Thus, most people lauding RxJava don't care about the fact that they use RxJava they care about its API abstraction. They don't care about the fact that it's manually built on threads running loopers encapsulated in Schedulers and would happily switch to the exact same API built on threads and loopers encapsulated in CoroutineContexts
👍 1
Coroutines are just callback hell if you lack the compiler magic that does the bytecode transformation just like RxJava is callback hell if you lack the higher-level API around it
Believe me, I welcome our new coroutine overloads and look forward to a cold stream abstraction so I can drop my final RxJava usage and switch to RxKotlinCoroutineHeaven instead
j

Jonathan

03/23/2018, 2:16 PM
Okay. I agree with everything you said. But, to me, it means that they do compete. Otherwise, for what task would you still use Rx?
My question is genuine interest. I'd like to know if we should still use Rx for some specific task.
c

Caleb Allen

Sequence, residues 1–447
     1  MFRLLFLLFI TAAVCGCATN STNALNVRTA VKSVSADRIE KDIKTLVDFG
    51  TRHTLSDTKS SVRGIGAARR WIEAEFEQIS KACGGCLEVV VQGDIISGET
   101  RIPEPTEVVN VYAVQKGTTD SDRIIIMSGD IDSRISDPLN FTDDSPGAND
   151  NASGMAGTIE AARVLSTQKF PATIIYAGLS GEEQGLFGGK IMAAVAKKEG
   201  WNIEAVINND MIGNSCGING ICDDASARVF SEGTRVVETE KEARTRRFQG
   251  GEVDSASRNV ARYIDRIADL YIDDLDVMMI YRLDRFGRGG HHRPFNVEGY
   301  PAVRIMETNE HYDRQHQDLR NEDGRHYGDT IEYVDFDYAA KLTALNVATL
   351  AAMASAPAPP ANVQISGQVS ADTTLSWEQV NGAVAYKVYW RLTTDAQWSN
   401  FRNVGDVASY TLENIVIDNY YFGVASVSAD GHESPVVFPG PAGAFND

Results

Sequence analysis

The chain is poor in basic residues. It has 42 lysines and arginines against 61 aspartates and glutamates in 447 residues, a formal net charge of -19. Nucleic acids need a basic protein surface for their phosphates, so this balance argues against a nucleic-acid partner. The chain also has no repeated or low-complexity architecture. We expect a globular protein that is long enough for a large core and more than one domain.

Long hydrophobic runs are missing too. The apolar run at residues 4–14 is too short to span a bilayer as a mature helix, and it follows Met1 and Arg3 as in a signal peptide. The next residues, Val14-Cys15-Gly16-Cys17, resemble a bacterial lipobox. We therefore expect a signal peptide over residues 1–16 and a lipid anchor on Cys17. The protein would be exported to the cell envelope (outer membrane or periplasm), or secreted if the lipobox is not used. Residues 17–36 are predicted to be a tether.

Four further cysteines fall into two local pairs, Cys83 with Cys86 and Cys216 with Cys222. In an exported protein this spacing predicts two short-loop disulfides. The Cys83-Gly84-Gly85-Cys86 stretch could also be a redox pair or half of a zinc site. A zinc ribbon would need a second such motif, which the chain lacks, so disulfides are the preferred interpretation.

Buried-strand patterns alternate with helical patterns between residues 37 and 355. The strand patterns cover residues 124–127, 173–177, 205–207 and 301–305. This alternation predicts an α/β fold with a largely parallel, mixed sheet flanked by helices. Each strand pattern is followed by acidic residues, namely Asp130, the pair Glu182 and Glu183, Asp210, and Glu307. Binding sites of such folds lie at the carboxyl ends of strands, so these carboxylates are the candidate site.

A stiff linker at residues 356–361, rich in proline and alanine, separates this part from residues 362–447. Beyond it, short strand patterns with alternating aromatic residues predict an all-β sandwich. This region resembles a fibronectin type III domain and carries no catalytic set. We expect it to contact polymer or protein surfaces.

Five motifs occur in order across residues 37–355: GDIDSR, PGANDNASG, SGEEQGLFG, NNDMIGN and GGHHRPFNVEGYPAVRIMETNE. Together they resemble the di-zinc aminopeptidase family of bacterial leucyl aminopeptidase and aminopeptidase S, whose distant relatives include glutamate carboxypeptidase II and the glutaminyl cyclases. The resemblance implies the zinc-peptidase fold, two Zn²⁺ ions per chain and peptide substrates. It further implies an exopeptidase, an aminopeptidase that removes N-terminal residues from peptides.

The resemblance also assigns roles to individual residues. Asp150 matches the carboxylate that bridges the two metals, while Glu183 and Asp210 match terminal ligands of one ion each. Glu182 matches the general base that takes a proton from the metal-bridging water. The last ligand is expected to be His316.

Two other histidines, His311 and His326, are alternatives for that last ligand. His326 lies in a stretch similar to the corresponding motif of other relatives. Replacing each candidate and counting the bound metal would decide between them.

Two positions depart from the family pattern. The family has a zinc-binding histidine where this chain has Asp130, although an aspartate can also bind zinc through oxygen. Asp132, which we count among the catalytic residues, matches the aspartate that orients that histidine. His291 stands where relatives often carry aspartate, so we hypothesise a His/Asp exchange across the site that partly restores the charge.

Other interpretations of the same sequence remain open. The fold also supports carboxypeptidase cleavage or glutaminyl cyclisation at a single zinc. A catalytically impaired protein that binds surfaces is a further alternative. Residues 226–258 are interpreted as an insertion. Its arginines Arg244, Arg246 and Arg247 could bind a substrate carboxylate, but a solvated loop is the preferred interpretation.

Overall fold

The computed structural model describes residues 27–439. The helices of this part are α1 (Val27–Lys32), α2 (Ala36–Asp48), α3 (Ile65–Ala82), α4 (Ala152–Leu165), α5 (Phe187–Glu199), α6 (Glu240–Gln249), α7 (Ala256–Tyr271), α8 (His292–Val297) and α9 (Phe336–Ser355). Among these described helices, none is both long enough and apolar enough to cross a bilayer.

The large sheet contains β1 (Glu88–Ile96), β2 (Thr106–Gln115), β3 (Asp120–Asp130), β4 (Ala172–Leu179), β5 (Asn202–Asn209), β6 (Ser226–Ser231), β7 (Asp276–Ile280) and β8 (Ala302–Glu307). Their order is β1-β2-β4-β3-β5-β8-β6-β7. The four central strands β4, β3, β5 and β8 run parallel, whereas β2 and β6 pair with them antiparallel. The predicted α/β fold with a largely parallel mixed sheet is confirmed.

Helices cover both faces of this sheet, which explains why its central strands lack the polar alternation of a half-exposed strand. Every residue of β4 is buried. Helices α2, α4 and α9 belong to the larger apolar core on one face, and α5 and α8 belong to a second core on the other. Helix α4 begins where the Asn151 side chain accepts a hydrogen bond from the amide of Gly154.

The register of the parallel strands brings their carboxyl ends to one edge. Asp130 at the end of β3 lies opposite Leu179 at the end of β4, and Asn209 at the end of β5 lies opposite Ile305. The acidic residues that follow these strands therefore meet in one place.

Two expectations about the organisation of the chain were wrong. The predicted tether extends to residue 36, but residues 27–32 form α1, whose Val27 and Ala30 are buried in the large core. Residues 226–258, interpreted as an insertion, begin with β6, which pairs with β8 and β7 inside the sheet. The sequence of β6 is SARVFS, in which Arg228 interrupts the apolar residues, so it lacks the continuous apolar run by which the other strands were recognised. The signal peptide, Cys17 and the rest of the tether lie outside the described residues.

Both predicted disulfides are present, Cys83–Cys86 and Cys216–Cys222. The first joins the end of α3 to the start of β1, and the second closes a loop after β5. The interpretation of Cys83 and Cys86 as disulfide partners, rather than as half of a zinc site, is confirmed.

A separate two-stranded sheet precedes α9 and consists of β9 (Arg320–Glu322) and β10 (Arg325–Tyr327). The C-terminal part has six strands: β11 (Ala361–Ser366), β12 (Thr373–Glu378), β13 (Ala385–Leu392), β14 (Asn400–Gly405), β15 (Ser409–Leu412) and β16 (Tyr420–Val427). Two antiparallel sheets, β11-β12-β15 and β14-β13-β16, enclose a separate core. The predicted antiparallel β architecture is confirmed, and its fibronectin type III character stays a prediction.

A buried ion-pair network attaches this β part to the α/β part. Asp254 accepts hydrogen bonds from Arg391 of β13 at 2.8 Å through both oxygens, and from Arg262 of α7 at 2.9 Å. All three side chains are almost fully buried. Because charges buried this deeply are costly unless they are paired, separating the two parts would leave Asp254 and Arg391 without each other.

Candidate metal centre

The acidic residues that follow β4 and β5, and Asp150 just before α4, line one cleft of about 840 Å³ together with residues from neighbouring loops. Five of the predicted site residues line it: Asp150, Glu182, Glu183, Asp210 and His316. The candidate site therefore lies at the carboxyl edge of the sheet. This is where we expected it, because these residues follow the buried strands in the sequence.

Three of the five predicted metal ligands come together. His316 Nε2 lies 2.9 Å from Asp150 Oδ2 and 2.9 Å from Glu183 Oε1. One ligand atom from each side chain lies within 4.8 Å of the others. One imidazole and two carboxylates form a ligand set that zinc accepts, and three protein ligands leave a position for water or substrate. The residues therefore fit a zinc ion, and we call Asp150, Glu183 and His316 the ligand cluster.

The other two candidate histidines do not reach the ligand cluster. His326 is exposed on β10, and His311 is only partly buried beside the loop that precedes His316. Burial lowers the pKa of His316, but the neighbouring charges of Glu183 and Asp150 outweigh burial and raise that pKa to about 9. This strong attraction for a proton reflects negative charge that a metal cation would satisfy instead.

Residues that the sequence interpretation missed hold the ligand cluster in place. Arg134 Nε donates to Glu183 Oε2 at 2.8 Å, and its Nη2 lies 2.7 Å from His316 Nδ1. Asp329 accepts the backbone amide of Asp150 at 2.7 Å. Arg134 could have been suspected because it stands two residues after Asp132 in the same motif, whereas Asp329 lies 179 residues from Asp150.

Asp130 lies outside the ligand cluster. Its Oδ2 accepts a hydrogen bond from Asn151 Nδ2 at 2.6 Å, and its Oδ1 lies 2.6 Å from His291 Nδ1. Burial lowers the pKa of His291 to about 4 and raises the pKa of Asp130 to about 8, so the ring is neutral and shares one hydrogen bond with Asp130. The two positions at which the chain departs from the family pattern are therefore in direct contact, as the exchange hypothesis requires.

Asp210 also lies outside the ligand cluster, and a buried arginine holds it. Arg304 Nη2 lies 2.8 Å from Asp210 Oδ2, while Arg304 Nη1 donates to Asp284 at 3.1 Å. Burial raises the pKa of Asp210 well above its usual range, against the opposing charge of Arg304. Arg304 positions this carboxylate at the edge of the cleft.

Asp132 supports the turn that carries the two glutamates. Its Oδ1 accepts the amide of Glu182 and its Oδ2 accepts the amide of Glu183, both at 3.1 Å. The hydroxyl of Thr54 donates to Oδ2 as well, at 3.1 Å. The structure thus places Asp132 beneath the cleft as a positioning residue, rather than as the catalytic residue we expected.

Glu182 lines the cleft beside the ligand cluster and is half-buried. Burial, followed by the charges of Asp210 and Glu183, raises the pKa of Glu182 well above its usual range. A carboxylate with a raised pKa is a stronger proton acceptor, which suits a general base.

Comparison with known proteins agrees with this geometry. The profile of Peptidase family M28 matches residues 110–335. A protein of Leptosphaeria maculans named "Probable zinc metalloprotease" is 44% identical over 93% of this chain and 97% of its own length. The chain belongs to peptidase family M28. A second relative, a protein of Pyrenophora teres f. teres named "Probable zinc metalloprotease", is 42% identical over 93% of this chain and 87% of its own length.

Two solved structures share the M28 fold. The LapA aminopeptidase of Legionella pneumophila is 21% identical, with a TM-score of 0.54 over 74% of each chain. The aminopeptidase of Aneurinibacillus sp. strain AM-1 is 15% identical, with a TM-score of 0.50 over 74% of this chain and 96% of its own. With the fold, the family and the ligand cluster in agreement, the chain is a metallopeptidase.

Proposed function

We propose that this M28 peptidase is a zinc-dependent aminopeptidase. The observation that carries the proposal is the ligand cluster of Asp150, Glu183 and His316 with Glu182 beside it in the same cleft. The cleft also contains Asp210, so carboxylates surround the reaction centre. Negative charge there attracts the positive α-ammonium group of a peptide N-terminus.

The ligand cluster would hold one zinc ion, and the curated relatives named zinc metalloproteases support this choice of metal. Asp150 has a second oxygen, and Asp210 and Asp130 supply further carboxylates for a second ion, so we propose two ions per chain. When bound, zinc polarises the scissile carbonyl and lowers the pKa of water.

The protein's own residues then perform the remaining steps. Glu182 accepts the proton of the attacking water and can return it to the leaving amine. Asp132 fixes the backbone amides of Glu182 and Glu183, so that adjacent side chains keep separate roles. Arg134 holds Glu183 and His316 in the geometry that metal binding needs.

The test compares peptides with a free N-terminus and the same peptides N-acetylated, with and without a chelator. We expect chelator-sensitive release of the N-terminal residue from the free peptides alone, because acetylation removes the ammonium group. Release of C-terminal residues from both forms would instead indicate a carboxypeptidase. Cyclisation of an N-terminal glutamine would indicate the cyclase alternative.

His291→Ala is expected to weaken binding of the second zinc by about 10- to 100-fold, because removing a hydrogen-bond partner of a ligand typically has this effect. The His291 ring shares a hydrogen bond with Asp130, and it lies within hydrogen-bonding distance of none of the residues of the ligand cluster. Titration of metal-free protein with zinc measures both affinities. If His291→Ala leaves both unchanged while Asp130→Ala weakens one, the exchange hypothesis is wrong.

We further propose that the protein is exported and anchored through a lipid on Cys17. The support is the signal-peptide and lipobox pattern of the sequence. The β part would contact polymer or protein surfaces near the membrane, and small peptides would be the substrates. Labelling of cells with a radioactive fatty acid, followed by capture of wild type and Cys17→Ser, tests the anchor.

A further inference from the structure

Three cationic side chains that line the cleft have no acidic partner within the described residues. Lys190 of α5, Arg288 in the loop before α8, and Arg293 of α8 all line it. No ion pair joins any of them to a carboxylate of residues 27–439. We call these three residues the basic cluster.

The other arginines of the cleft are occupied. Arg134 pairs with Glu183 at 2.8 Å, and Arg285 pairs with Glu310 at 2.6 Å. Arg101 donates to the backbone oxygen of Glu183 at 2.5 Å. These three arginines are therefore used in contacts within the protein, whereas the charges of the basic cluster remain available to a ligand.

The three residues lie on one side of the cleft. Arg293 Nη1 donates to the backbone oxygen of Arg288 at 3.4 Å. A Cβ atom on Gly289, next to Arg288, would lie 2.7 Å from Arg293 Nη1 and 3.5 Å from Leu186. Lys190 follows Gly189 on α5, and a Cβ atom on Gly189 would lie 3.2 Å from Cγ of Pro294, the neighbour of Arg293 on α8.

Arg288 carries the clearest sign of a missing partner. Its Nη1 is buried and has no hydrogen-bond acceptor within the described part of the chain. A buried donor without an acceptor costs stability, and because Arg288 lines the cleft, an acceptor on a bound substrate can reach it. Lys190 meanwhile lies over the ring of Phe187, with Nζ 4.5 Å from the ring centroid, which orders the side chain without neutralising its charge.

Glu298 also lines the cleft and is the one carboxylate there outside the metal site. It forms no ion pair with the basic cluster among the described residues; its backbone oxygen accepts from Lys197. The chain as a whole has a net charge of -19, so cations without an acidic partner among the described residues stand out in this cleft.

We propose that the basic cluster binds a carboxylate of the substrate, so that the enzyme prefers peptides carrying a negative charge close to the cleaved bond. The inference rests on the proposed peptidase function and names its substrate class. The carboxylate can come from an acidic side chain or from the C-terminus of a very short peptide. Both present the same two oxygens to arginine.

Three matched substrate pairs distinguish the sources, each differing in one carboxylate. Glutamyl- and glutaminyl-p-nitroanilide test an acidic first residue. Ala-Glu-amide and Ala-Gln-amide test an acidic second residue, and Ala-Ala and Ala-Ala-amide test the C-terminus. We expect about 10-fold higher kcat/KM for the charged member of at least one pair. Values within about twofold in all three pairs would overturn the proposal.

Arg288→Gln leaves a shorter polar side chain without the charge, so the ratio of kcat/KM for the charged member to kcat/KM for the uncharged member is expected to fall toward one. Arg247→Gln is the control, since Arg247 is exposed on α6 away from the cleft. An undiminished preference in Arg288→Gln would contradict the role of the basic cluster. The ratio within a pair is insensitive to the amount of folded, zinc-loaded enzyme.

03/23/2018, 3:12 PM
@Jonathan I've been experimenting with a library that gives the user an API similar to Rx, but with an under the hood implementation using Coroutines to enable concurrent data flows. The implementation to enable concurrent reactive programming using coroutines is an order of magnitude simpler than trying to manage that with threads https://github.com/caleb-allen/Konko-Flow
j

Jonathan

03/23/2018, 3:21 PM
@Caleb Allen Yes. I'm aware that it is possible to recreate an "rx-like" library based on coroutines. There is another similar project too, if you're interested: https://github.com/pull-vert/reactivity. But why would I need such library? What use-case does it solve better than plain coroutines with kotlinx.coroutines?
j

jw

03/23/2018, 3:28 PM
Oh we're linking Rx coroutine libraries? https://github.com/JakeWharton/Reagent/
we have already enumerated what it solves
multi-value cold push sources
c

Caleb Allen

03/23/2018, 3:29 PM